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I was a fairly new EMT working in a suburban area just north of New York City. My partner and I were just finishing up a 12-hour shift and refueling our ambulance at the gas station when our dispatch radioed us asking if we were available for a priority-one call. A child was in cardiac or respiratory arrest. I immediately felt my heart sink into my stomach. We jumped into the ambulance and raced around the corner to the scene.
Upon arrival, we grabbed our gear and ran inside. I pushed my way through the several firefighters who had beaten us there and saw the lifeless body of a one-year-old baby boy lying on the floor. A couple of firefighters had already started to ventilate him with oxygen. The boy’s grandparents were standing nearby. A police officer attempted to calm the grandmother as she screamed and cried for help. The grandfather stood in utter disbelief just watching as though he were in some nightmare.
They had no clue what happened. They said he was fine prior. The grandfather was watching TV as the boy played with some toys on the floor and then, the next minute, he just lay there motionless. My partner and I grabbed the boy and carried him out to the ambulance. We were thankful he still had a pulse though, unfortunately, he was not breathing. We intubated, ventilated him, and attempted an IV as one of the firefighters drove us to the hospital. The boy’s pupils were pinpoint. All signs pointed to an opioid overdose, but how?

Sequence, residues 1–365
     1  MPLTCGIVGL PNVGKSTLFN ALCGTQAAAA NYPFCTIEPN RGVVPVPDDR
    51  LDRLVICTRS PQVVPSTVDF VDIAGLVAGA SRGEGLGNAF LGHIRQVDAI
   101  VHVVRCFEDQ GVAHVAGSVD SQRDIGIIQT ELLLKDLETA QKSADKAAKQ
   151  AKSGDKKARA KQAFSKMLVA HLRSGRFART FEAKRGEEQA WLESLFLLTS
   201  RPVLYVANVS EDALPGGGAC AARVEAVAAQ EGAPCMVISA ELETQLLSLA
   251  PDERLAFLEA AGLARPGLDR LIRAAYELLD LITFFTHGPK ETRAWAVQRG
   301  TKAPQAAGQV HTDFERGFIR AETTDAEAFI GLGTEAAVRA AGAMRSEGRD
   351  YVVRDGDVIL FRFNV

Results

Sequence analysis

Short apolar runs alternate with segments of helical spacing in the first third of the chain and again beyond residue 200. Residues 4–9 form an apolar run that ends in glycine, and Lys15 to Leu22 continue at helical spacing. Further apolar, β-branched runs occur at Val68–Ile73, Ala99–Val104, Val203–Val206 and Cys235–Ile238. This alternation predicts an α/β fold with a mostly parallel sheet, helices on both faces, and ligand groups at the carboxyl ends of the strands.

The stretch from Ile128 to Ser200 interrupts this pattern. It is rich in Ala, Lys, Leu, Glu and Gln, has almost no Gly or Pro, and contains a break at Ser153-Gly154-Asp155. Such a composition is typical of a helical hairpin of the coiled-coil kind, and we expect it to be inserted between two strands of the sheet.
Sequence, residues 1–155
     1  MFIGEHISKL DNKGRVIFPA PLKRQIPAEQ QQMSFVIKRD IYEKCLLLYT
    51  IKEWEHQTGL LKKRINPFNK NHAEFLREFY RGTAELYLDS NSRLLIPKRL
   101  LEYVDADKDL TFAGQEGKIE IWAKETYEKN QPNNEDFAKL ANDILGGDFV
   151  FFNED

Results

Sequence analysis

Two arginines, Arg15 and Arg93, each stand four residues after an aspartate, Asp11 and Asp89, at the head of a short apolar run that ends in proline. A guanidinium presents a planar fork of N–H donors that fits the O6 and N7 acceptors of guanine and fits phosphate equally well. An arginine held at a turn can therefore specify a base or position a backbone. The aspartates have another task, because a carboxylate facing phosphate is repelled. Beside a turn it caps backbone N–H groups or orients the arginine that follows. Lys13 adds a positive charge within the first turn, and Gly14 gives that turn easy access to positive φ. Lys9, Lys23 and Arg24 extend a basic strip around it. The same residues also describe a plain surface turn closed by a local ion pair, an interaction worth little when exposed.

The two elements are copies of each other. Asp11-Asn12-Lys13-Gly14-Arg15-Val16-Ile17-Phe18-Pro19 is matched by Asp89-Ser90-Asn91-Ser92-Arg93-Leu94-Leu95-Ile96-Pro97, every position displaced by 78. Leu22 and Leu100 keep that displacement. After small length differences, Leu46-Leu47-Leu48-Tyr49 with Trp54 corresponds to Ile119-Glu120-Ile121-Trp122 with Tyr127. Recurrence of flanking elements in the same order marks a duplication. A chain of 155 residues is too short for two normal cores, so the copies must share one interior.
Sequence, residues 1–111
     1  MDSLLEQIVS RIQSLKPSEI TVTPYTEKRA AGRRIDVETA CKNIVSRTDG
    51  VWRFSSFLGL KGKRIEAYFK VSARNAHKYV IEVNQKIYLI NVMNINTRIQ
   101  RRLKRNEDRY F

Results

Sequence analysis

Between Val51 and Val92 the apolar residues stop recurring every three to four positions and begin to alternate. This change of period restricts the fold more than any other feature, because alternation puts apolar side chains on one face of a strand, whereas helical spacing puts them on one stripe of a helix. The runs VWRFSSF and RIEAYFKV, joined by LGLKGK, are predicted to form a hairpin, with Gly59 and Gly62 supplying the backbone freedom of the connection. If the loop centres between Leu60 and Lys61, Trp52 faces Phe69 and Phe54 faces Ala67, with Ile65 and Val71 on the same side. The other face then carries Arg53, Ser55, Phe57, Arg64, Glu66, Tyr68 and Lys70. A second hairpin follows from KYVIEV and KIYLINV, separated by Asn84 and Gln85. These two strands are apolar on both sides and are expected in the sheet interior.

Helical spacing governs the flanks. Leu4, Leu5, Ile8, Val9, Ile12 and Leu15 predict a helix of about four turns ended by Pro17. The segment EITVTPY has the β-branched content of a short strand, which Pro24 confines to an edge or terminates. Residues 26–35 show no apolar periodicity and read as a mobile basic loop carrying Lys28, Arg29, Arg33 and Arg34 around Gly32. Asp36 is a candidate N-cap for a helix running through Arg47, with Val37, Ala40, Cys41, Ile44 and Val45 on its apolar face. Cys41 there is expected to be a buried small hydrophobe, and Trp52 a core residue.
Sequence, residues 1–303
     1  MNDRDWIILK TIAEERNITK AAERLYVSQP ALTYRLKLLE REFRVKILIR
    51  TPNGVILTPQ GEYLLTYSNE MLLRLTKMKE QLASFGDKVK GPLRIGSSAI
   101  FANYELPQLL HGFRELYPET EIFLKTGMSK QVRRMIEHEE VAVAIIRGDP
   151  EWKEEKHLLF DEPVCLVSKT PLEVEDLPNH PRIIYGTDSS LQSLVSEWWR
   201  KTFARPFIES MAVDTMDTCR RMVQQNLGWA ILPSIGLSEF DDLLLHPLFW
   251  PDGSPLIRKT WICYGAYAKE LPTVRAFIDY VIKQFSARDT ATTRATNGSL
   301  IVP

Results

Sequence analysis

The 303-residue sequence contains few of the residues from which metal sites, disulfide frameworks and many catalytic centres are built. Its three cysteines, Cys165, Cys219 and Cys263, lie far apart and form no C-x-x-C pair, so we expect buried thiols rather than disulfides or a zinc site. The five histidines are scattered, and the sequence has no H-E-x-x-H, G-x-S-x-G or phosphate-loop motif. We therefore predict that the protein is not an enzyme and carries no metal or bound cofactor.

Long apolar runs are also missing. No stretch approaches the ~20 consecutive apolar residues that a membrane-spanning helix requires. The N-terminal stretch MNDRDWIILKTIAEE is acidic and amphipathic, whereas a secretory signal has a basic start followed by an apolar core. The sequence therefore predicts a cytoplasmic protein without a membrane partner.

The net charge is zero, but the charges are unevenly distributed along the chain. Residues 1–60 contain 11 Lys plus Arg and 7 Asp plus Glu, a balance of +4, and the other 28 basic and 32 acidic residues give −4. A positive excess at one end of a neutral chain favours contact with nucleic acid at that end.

Luckily we arrived at the hospital very quickly. We administered Narcan, which is a drug used to reverse the effects of opioids. The boy immediately responded to the medication and began to breath on his own. The breathing tube was removed and he made a full recovery.
By now you may be wondering what on earth happened to this poor child. The grandparents had oxycodone, a powerful narcotic pain medication, on the coffee table near where the child was playing. Unbeknownst to the grandfather, the boy had reached up onto the table and grabbed one of the pills. When too much of an opioid is consumed it suppresses the respiratory drive, decreasing breathing and potentially stopping it completely. In this case the pill dosage was meant for an adult. Therefore when taken by a smaller child, the concentration was much higher and caused an immediate overdose.
If you have children in your household medication safety is super important. Make sure to store medications in a safe place out of their reach. If you have potent medications, such as heavy duty narcotic pills, I would even recommend keeping those locked up. All medications including over-the-counter drugs like Tylenol and ibuprofen can be very toxic if consumed by young children. Teach your children medication safety and don’t leave pill bottles lying around even if they have a so-called “child-proof cap.”
If a child does consume a medication or a hazardous substance call for help. Contact the national poison control hotline at 1-800-222-1222 or visit PoisonHelp.org. If your child is showing symptoms or acting inappropriately call 911 or your local emergency number. When in doubt, call for help.
Remember the best first aid is prevention. Educate yourself and your children, prepare and prevent, and equip yourself to respond in an emergency.
Emergency Medical Technician, Basic Life Support Instructor